written by LaTina Emerson
When crossing a bridge by car or on foot, most people take for granted the bridge will remain steady and support them, but history shows that’s not always the case.
“The list of faulty bridges is long,” said Dr. Igor Belykh, associate professor of applied mathematics and mathematical biology at Georgia State. “Many bridges have experienced dramatic vibrations or have even fallen down.”
The London Millennium Bridge, a steel pedestrian bridge crossing the River Thames, is infamous for its opening-day oscillations in 2000. As thousands of pedestrians walked over it, the bridge began to sway slightly, and the wobbling intensified as people fell into step, planting their feet wider as they tried to steady themselves as they walked. The $32 million bridge was closed almost immediately.
Watch a video of the London Millennium Bridge’s opening day.
The Squibb Park Bridge in Brooklyn, N.Y. was closed in 2014 after unusual movement. While the wooden bridge was designed to have a subtle bounce, the bridge started to bounce more and move from side to side, alarming the people who were crossing. The $4.1 million bridge has remained closed, and the Brooklyn Bridge Park Corporation is suing the engineering firm that designed it.
Belykh is working to make bridges safer, particularly pedestrian bridges.
“The U.S. code for designing pedestrian bridges does not have explicit guidelines which account for pedestrian or crowd dynamics,” Belykh said. “That’s the gap we’re trying to fill. We want to contribute to revamping the industry-standard computer programs for designing bridges and attempt to avoid faulty designs.”
With funding from the National Science Foundation, Belykh is developing a biomechanically inspired model of pedestrian response to bridge motion. The model, derived from complex mathematical equations, captures the key properties of pedestrian lateral balance and pedestrian foot forces on the bridge.
“Our work could be used as a safety guideline for designing pedestrian bridges or limiting the maximum occupancy of an existing bridge,” he said.
Some attribute the wobbling of pedestrian bridges to a phenomenon called synchronous lateral excitation or crowd synchrony. When pedestrians walk across a bridge, they interact with it, causing the bridge to oscillate.
Belykh explores pedestrian-bridge interactions in his latest research. He recently published a paper in the journal Chaos: An Interdisciplinary Journal of Nonlinear Science that studies the interaction of a single pedestrian with a bridge. Using a biomechanically inspired model of human balance, he analyzes the model’s interaction with a lively bridge.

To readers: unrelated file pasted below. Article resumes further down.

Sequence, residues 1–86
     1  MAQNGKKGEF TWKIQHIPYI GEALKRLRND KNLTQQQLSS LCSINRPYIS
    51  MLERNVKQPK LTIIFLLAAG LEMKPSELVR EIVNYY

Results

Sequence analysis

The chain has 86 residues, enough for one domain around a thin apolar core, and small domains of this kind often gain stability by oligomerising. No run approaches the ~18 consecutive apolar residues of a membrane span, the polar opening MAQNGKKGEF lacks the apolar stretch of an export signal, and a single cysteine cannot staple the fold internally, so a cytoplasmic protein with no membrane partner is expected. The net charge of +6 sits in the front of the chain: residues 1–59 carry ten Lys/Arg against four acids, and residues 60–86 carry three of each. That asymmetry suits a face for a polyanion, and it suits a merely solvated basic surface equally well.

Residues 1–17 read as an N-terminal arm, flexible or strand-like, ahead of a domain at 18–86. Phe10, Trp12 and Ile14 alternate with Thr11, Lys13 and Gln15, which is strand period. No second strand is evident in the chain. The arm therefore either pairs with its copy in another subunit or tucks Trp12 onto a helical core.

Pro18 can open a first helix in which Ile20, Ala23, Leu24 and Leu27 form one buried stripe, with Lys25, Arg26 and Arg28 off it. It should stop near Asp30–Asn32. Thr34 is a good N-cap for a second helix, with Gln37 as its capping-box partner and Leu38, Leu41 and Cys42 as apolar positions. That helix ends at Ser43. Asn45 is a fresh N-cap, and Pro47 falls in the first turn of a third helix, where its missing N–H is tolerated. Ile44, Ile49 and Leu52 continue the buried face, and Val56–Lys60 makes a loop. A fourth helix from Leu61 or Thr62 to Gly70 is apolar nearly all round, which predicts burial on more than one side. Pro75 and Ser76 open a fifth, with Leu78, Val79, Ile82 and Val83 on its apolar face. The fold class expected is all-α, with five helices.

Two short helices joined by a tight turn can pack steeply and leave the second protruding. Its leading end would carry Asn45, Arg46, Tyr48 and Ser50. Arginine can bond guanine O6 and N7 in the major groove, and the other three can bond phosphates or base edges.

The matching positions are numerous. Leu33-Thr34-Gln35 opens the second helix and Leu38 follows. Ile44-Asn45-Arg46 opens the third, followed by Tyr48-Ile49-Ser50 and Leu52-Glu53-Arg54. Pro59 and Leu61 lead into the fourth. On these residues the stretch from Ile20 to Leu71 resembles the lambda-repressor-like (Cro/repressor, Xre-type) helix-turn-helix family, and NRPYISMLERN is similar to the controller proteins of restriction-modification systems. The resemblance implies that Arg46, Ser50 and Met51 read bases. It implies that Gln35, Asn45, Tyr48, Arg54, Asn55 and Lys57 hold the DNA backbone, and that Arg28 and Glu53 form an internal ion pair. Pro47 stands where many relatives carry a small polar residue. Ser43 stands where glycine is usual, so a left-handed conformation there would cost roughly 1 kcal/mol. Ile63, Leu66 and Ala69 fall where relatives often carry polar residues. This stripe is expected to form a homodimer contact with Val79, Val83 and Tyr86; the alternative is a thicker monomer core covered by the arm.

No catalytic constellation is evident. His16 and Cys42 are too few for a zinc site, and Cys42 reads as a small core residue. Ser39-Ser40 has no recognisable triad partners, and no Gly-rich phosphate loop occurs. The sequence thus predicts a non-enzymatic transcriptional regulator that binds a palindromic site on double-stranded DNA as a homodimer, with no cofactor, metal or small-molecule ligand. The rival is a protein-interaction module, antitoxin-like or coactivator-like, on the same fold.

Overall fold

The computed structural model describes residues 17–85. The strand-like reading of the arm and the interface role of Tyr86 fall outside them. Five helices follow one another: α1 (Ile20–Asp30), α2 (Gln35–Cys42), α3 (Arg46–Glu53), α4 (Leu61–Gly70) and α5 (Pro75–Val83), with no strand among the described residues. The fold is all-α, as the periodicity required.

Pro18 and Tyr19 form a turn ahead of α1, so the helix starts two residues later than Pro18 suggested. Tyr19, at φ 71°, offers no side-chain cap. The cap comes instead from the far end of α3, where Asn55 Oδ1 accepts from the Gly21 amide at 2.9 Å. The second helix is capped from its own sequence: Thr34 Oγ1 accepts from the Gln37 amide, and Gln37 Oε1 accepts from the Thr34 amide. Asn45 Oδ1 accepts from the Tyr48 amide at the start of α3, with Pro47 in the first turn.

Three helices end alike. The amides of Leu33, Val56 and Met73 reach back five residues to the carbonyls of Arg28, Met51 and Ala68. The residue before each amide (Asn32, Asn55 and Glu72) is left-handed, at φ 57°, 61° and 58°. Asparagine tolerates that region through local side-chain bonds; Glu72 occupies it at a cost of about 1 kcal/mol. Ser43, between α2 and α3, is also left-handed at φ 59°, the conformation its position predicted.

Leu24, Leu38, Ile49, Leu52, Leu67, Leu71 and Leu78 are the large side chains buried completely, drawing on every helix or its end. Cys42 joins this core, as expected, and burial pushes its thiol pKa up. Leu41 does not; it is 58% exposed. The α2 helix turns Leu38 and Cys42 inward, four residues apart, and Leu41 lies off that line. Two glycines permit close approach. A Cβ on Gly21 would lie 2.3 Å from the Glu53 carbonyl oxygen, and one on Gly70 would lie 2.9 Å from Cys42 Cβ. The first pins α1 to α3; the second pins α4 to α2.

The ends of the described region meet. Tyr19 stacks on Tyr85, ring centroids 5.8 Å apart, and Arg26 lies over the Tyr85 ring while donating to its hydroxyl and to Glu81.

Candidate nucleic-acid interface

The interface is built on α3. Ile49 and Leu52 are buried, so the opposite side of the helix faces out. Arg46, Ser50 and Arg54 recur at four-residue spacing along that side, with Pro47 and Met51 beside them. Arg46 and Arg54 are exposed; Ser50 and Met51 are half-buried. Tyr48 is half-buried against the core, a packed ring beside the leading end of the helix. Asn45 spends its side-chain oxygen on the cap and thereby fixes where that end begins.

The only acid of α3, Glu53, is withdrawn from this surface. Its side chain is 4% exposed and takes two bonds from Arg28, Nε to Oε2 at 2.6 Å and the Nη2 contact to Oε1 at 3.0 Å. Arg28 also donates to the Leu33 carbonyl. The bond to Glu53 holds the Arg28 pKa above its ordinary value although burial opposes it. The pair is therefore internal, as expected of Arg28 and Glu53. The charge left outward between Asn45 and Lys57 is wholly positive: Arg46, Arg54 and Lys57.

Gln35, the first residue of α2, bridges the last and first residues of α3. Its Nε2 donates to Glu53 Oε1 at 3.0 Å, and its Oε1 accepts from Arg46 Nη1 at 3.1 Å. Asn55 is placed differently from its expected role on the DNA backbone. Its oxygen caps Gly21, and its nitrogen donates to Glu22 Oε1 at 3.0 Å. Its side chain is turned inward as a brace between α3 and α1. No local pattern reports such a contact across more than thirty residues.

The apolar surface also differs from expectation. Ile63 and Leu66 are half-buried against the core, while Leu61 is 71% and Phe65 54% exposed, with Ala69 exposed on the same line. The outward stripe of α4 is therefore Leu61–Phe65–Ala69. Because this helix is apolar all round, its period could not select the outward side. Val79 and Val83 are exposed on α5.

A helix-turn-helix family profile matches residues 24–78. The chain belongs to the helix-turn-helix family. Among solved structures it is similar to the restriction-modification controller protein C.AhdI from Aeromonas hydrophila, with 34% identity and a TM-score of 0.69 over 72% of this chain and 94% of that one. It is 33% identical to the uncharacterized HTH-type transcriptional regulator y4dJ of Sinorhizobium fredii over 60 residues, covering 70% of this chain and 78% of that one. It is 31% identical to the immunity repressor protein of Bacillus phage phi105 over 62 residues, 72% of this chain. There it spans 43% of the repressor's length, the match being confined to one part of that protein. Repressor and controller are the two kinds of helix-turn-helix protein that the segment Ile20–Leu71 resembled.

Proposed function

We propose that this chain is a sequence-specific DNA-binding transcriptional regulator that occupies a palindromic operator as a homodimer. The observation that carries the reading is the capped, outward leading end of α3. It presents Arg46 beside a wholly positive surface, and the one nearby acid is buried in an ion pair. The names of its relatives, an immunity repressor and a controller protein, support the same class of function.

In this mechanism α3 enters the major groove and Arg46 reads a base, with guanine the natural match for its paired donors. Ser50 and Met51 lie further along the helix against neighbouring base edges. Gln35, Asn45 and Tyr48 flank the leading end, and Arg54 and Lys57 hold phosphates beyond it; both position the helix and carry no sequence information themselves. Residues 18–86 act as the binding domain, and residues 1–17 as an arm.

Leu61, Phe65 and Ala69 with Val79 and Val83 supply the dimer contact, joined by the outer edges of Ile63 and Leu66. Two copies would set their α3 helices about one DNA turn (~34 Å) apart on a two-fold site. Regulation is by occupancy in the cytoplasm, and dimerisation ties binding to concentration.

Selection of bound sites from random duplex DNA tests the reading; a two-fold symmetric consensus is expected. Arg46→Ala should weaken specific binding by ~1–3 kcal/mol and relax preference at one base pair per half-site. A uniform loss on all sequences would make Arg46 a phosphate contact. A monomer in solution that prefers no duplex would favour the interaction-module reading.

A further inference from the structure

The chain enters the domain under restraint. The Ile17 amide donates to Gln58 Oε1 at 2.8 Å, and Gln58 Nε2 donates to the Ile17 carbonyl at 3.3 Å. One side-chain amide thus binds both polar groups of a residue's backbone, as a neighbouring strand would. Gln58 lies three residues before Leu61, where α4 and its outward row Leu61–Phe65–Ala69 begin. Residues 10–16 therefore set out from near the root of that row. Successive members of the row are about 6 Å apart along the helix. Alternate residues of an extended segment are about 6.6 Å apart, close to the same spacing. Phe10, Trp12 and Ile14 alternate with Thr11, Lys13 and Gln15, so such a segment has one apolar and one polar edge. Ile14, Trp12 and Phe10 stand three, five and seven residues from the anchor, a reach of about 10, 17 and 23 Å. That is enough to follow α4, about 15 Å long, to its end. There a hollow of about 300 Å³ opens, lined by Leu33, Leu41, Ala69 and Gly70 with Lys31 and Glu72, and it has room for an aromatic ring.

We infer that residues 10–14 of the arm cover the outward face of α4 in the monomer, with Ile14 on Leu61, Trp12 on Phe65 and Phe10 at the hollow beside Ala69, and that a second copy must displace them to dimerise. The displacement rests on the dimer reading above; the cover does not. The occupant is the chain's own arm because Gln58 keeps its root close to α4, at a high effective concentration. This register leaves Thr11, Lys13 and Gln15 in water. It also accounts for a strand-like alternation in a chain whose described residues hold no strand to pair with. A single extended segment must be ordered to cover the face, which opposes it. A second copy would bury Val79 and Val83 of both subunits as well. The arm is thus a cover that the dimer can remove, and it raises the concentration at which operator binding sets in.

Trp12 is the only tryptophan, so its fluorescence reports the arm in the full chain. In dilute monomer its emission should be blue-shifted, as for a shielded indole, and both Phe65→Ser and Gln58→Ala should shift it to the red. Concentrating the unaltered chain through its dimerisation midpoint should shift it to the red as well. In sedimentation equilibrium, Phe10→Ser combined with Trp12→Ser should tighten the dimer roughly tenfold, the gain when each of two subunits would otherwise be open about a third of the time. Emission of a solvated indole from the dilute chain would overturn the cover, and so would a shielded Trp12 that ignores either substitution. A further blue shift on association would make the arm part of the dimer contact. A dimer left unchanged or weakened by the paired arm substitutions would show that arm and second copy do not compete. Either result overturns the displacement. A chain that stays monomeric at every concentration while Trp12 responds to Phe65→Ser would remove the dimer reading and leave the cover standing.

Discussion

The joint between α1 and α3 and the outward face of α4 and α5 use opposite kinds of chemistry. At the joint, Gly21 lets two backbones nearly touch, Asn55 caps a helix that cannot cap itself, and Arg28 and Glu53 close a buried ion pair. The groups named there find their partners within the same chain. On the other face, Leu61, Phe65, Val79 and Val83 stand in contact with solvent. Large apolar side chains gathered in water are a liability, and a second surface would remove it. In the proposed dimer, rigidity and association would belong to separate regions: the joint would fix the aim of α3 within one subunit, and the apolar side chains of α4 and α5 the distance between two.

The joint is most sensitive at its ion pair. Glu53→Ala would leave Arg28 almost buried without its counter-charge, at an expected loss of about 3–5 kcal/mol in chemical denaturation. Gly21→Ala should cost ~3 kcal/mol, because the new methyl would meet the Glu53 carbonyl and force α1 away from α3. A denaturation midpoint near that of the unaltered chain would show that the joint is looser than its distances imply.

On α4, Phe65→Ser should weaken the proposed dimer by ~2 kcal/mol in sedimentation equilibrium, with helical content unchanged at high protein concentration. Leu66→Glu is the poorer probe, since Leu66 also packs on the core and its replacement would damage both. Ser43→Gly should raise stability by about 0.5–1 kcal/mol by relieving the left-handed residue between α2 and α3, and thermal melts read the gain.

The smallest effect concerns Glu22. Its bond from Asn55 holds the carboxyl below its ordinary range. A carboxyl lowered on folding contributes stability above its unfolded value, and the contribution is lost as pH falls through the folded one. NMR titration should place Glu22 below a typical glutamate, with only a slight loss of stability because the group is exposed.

He found that pedestrian-bridge interactions can make the pedestrian walk with two distinct lateral gaits. Both gaits can correspond to pedestrians walking out of phase with the bridge, but one gait produces significantly larger bridge oscillations than the other. A pedestrian can initiate wilder vibrations of the bridge by switching between the gaits.
“If you walk across a light bridge and something happens and you misstep, that misstep can switch your gait and you start walking differently,” Belykh said. “Then, this would cause the bridge to sway. Our results support a claim that the overall foot force of pedestrians walking out of phase can cause significant bridge vibrations.”
In a paper that will soon be published in a journal for the Society for Industrial and Applied Mathematics, Belykh used biomechanically inspired models of lateral crowd movement to investigate the degree to which pedestrian synchrony must be present for a bridge to wobble significantly. He also tried to determine a critical crowd size. The pedestrian models can be used as “crash test dummies” when numerically testing a specific bridge design.
Belykh hopes to one day make these pedestrian models available to bridge engineers through software programs.
“What we want to do is better help engineers understand the role of pedestrians in the initial formation of a bridge formula and avoid the range of dangerous frequencies, which cannot be identified through conventional linear calculations, to eventually design robust bridges,” Belykh said.
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Belykh has also partnered with researchers at the Georgia Institute of Technology and the University of Bristol in the United Kingdom to study the transition from bobbing to jumping on grandstands. This transition to unwanted crowd jumping as the response to vertical vibrations of grandstands in sports stadiums and concert stages is a major safety concern because it may cause a fatal structural collapse.
In the following video, watch supporters making the concrete arena bouncing.
“When designing sports stadiums, possible bidirectional interactions between the supporters and the vibrating ground structure are typically ignored. This calls for reliable models of human bobbing and jumping in large crowds,” Belykh said.
Beauty Vs. Function
Belykh also studies the effect of similar identical units on wind-induced oscillations of suspension bridges.
While humans enjoy symmetrical, aesthetically pleasing bridges, these designs could possibly take away from the safety of bridges. Many suspension bridges are constructed of identical units, such as supports and load-bearing elements, and Belykh and his group will investigate whether bridges with similar units have a tendency to exhibit wind-induced collective pedestrian behavior that could cause bridge vibration.
“One immediate hypothesis or potential guideline is that engineers should probably start building ugly bridges or asymmetrical bridges where the elements are not necessarily the same to avoid dangerous vibrations caused by unwanted, collective dynamics of a bridge’s load bearing elements,” Belykh said.
Another project led by Belykh and funded by the U.S. Army Research Office was recently featured in a Georgia State article: